Do your patients know the risk of hookah smoking?

By Melissa Busch, DrBicuspid.com assistant editor

January 14, 2021 -- Chronic smoking of shisha or tobacco extracts from a water pipe or hookah increases cell proliferation, invasion, and migration, all of which are traits of cancer cells, according to a study published on December 28 in the Journal of Oral Pathology & Medicine.

Long-term water-pipe smoking (WPS) causes phenotypic and molecular changes in oral keratinocytes, which act as a barrier to prevent cellular injury. The findings indicate the role water-pipe smoking plays in the early onset of oral cancer, according to the authors.

"This study may serve as a useful resource in understanding the early onset of oral cancer attributed to [water-pipe] smoking," wrote the group, led by Niraj Babu of the Institute of Bioinformatics at International Technology Park in Bangalore, India.

Getting popular

Hookah smoking originated in the Middle East and parts of Asia, but its popularity has increased globally, including in the U.S.

In hookah smoking, pipes are filled with tobacco extracts or shisha. Shisha is often a mix of tobacco and fruit, mint, or molasses sugar that is processed specifically for use in water pipes. Hookah smokers may absorb more toxic substances found in cigarette smoke than cigarette smokers due to the way a water pipe is used, and they face the same risk of diseases such as esophageal and oral cancer.

In addition, an hourlong hookah smoking session often involves 200 puffs, while smoking a cigarette involves an average of 20 puffs. Individuals inhale approximately 90,000 mL of smoke during a hookah session, compared with about 600 mL when smoking a cigarette, according to the U.S. Centers for Disease Control and Prevention.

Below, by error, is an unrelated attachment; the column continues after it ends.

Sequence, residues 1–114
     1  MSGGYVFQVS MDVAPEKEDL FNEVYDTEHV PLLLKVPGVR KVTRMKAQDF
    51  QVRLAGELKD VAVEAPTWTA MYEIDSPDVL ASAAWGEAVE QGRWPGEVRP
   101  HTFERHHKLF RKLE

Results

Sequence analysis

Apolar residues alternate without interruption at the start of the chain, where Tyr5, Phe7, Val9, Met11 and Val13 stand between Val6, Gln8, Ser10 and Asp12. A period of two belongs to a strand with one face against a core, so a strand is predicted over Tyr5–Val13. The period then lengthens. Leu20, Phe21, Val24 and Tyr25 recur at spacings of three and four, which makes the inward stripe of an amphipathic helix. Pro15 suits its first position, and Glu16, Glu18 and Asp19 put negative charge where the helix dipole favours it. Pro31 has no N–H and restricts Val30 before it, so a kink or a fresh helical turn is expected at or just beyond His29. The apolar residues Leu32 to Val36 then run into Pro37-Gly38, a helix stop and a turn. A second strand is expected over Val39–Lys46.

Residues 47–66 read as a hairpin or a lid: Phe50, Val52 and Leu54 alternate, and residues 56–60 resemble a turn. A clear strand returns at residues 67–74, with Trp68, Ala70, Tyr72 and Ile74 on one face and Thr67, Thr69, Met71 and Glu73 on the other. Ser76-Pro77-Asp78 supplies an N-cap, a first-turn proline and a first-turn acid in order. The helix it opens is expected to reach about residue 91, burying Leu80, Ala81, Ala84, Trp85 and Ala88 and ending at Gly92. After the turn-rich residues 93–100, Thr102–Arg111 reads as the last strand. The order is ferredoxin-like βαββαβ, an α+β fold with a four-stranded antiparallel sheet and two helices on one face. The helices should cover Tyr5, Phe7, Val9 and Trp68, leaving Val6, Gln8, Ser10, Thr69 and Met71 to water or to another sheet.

To better understand how water-pipe smoke affects cells, immortalized normal human oral keratinocytes were chronically treated with 0.1% crude tobacco and 0.5% processed shisha for eight months. Fresh tobacco extracts were added every other day, while untreated cells were maintained as a control. Cell culture‐based in vitro assays and mass spectrometry‐based quantitative proteomic analysis was used to determine any phenotypic and molecular changes. Bioinformatics was used to analyze proteomics data and locate dysregulated pathways in the cells, the authors wrote.

Cells chronically treated with shisha and crude tobacco extracts showed increased invasion, migration, and proliferation. The difference in proliferation rate could be seen 48 hours after cell seeding. At 72 and 96 hours, significant increases in cell proliferation were seen in treated cells compared to untreated cells. Additionally, cells treated with tobacco or shisha demonstrated increased cell scattering, which is associated with cancer cell-like phenotypes, according to the authors.

Furthermore, the analysis revealed an overexpression of proteins that play a role in cholesterol metabolism and vesicle-mediated transport, as well as a reduced expression of interferon signaling in those cells treated with the extracts, they wrote.

Not without limits

Study limitations included the use of only cell culture-based experiments. The findings need to be further corroborated using in vivo studies and clinical samples of water-pipe smokers, the authors noted.

Nevertheless, the "study indicates that long-term exposure to WPS leads to phenotypic and molecular changes in normal oral keratinocytes," they wrote.


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